Like I'd said, a 12-inch, 9-inch, and 6-inch is going to feed your party of 150 just fine. If you want to split it into satellite cakes, you could do three of the 9-inch and a 6-inch, or make four 9-inchers if you really want to make sure you have leftovers. But really, I think I'd rather do a single triple-tier cake and decorate the hell out of just the one big cake instead of all the satellite cakes plus the monument foam cake; cake decorating, while fun, is surprisingly time-consuming, and the 12-9-6 triple tier will take the two of you the better part of an evening during a very busy time.

                                                          Oh, and as far as cake recipes go, the Cook's Illustrated basic yellow cake paired with their cooked vanilla buttercream frosting has had people tell me they wanted to get married just so I could make them that cake again.

                                                          1. re: JK Grence the Cosmic Jester

                                                            JK thanks for the great tips on the three teir. The reason for the satillete cake was to have the stair case, plus the fountain. My mom has most everything we need to make the cake the only thing that we will have to buy, besides the frosting and cake is the fountain, which is expensive. She has always seen pictures of her aunts cake which has the fountain and she loved how pretty it looks. I am glad to know the sizes of the three cakes it really does help. As far as the reason for the fake part is because we don't want alot of left over cake. Plus she can save her cake top forever. I know you are to eat it on your first year anniversary, but mine after 24 years is still in my moms freezer and my mothers after 51 years is still presvered, believe it or not in popcorn in her cedar chest. So if you use the royal icing, or permaice my daughter can have hers forever. This kind of reminds me when fake flowers came into the picture. People hated seeing fake flowers at weddings because if you couldn't afford real then maybe you should just cut back on them.

                                                            1. re: deewill

                                                              The tradition of freezing the cake top came about when fruitcake was still traditional for the wedding cake. Fruitcake freezes a lot better than the cakes used in wedding cakes these days. I always offer to create a replica of the top tier for friends who are getting married now so they don't end up trying to eat freezer-burned cake for the sake of tradition.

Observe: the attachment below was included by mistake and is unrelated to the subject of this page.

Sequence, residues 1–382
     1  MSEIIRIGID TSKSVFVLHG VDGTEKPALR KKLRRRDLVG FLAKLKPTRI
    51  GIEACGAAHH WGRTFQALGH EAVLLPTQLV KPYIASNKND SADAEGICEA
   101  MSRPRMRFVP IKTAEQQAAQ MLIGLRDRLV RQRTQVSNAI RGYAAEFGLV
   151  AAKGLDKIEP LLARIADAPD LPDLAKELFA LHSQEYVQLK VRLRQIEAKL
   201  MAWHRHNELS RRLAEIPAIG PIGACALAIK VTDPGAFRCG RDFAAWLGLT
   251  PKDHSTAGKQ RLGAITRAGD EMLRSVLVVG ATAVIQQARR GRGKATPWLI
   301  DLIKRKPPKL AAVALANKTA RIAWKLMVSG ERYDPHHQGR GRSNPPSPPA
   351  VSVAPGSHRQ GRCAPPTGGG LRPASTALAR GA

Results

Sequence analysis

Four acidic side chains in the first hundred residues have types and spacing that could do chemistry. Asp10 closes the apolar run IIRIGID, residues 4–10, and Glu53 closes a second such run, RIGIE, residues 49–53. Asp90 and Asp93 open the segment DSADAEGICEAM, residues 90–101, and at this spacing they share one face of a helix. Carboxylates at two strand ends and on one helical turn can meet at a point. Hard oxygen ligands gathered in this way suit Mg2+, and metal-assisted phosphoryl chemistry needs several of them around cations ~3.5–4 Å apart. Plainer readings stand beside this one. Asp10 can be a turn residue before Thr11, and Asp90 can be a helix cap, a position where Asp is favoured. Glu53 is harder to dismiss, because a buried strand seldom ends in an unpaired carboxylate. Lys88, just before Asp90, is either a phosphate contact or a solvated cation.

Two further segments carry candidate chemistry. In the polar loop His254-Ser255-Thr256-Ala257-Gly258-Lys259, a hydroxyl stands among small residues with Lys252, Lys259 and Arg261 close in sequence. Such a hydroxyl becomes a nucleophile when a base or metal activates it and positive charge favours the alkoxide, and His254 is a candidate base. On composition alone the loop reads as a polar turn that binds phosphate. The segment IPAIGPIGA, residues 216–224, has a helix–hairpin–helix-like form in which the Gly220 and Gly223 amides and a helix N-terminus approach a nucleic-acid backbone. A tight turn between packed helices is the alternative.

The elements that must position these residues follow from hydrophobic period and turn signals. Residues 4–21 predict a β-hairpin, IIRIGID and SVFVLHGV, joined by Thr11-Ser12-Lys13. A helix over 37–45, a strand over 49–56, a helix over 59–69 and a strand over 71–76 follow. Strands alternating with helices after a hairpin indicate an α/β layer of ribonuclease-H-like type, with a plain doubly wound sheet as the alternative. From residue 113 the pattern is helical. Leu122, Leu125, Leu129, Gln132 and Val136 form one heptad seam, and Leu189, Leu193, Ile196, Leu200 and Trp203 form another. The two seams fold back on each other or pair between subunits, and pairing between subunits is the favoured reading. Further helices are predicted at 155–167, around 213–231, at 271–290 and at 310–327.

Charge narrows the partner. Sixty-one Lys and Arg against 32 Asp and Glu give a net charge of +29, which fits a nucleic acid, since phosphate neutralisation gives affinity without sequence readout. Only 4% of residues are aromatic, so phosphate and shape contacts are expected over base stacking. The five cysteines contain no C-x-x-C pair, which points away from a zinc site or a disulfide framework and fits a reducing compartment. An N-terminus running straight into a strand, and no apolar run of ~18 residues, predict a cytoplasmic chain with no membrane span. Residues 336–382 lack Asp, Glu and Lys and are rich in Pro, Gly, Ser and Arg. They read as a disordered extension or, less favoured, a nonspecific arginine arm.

2. re: JK Grence the Cosmic Jester

                                                              This might sound horible to you, so take it as you will. But I will suggest a boxed cake mix. A higher-quality boxed mix can taste great, especially if you use good homemade icing. While my mother is not a professional baker, she took more than 10 decorating classes (and is an excellent baker) and for more than 20 years has made 75% of the wedding, birthday, etc. cakes in our family. Especially in the 90s, elaborate ones with fountains, multiple tiers, satellite cakes, and now there is fondant and elaborate groom's cakes. For most of these she has changed to boxed cake mixes. Get about 10 brands and flavors and try them out several months before the big day. If you make SURE to use the highest quality butter, eggs, oil, etc, you will have great results that are a lot easier and more reliable than home baking.

                                                              Please don't get me wrong. I bake a lot, several times a week (for a single woman with no kids that is a LOT!) and most of it is from scratch. However there are many times when I will use a boxed brownie or cake mix. High quality eggs and butter, good hommemad frosting, that makes all the difference.

                                                              Also, as practically a professional wedding guest and bridesmaid (mid 20s and everyone around me engaged), I've noticed that the cakes that get eaten the most are the more simple ones. White cake, chocolate, red velvet, with simple fillings, ganaches, frostings. The more trendy ones that most bakers offer or ones like carrot or pumpkin cake usually sit there most of the night.

                                                              1. re: KariAnneATL

                                                                I can never bring myself to buy cake mix. Making a cake from scratch is one of the easiest baking tasks I know of. For a basic yellow cake, all you do is mix the dry ingredients and butter together with a mixer, then mix in the liquid ingredients until they're all incorporated. All you save is time spent measuring out the flour, baking powder, sugar, and salt.

                                                                1. re: JK Grence the Cosmic Jester

                                                                  I think most cake mixes use too much sugar. Made from scratch cake has more flavor as the sugar doesn't cover up the taste of the other ingredients.

                                                            1. re: Honey Bee

                                                              ok that is way beyond creepy...and hmmm a little self-obsessed..lol. Where's the groom in there? Qualifies for bridezilla category methinks, haha. I can not even begin to fathom how much that thing would have cost.